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This article is about Down Low, or DL, as a lifestyle of certain African American men "who consider themselves heterosexual and live publicly heterosexual lives -- even to the point of being married to women, in some cases -- but who also have sex with men without telling their female partners." [1 ]

Down-low is an African American slang term [2] that was originally used to describe "any kind of slick, secretive behavior, including infidelity in heterosexual relationships."[1 ] It was then adapted by a subculture of black men to describe men who identify as straight, but who have sex with both men and women, without disclosing this to their female sexual partner(s). [3] [4] [1 ] [5] The term originated in the African American community, but the behavior it describes is, of course, neither new nor exclusive to that group.[6]

Besides being used to describe a behavior, Down Low is also used to self-identify a sexual preference or lifestyle in place of such terms as gay or bisexual.[5] [7] According to a study published in the Journal of Bisexuality: "The Down Low is a lifestyle predominately practiced by young, urban African American men who have sex with other men and women, yet do not identify as gay or bisexual."[8]

In this context, "being on the Down Low" is more than just men having sex with men in secret -- it is a sexual identity that is, at least partly, defined by its "cult of masculinity" and its rejection of white culture and terms.[3] [9] [10] [11] A 2003 New York Times Magazine cover story on the Down Low phenomenon explains that the black community sees "homosexuality as a white man's perversion." [9] It then goes on to describe the Down Low culture as follows:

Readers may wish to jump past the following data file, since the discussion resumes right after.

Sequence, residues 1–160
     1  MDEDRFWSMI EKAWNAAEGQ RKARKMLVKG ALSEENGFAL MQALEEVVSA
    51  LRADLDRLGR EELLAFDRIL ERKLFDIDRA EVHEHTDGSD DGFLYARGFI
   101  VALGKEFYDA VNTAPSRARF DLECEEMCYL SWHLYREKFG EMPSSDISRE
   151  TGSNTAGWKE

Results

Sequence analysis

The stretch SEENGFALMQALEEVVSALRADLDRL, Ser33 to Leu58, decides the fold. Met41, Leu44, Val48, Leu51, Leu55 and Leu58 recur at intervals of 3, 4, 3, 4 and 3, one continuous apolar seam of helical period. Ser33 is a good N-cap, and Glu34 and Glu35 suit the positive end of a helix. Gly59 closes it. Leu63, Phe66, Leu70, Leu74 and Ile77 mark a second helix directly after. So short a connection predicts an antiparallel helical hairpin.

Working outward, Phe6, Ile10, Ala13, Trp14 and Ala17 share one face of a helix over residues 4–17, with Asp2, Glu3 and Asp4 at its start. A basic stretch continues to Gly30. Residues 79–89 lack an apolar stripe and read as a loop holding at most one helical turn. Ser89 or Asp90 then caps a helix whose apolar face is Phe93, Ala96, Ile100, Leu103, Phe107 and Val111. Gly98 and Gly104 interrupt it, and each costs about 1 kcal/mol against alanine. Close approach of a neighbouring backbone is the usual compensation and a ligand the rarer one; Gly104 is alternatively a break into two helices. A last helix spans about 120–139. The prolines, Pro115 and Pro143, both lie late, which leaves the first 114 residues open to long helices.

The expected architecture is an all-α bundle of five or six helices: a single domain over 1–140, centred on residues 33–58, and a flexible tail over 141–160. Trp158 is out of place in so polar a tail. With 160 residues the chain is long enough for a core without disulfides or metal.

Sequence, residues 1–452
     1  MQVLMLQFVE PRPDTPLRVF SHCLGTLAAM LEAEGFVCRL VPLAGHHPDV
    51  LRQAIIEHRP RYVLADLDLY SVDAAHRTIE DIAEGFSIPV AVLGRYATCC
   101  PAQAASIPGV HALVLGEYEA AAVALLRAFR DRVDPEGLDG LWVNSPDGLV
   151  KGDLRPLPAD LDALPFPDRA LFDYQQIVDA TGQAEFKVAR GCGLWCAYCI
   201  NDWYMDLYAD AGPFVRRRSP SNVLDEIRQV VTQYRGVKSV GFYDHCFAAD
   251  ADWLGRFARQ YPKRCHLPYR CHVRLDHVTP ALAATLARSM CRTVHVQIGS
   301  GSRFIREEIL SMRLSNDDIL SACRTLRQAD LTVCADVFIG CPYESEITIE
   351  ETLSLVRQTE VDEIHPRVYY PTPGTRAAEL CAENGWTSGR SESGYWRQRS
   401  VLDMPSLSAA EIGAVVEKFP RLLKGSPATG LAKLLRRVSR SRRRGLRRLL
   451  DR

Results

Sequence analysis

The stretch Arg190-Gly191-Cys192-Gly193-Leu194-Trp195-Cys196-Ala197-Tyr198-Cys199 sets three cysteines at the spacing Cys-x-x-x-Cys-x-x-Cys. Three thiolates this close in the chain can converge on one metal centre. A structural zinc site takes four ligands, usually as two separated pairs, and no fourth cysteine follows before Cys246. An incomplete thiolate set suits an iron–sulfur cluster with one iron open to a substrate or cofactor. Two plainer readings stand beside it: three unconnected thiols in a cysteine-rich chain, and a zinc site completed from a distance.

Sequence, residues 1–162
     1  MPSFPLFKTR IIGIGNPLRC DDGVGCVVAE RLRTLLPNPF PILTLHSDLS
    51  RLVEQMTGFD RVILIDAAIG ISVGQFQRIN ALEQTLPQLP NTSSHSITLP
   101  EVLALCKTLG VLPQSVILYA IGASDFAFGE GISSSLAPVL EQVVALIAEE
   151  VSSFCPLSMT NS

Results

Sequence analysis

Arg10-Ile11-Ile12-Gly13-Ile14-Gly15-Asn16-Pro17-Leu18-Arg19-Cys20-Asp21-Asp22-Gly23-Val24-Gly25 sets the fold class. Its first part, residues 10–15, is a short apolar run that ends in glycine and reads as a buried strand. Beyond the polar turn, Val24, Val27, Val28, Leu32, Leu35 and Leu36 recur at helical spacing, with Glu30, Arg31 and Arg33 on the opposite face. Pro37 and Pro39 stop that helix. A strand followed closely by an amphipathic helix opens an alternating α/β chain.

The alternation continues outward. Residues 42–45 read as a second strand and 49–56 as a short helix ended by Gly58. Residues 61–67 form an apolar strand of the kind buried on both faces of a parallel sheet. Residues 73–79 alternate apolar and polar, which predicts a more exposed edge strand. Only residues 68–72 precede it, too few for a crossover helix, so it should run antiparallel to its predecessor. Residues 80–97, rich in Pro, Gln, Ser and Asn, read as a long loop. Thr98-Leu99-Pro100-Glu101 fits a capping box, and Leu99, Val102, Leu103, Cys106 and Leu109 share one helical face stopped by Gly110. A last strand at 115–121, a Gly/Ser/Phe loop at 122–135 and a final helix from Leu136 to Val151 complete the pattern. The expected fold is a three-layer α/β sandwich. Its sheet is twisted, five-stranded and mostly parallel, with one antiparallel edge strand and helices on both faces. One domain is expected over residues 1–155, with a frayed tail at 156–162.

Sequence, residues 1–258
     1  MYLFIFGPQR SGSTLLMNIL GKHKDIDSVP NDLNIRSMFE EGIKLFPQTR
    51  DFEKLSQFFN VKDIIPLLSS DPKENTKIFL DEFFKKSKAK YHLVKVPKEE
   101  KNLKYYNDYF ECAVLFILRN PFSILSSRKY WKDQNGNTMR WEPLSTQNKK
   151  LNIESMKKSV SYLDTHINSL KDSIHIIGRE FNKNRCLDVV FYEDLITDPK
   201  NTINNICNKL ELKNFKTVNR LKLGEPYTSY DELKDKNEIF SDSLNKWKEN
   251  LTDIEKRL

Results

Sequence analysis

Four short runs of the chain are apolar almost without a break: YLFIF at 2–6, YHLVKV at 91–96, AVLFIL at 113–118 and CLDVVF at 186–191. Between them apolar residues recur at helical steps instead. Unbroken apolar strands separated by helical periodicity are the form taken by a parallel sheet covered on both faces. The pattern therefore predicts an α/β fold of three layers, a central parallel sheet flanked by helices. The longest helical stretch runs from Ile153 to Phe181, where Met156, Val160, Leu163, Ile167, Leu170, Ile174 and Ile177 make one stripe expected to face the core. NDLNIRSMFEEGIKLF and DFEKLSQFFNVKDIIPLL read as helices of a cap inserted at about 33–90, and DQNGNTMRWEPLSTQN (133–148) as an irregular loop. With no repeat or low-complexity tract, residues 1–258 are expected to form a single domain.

Rejecting a gay culture they perceive as white and effeminate, many black men have settled on a new identity, with its own vocabulary and customs and its own name: Down Low. There have always been men -- black and white -- who have had secret sexual lives with men. But the creation of an organized, underground subculture largely made up of black men who otherwise live straight lives is a phenomenon of the last decade... Most date or marry women and engage sexually with men they meet only in anonymous settings like bathhouses and parks or through the Internet. Many of these men are young and from the inner city, where they live in a hypermasculine thug culture. Other DL men form romantic relationships with men and may even be peripheral participants in mainstream gay culture, all unknown to their colleagues and families. Most DL men identify themselves not as gay or bisexual but first and foremost as black. To them, as to many blacks, that equates to being inherently masculine.[9]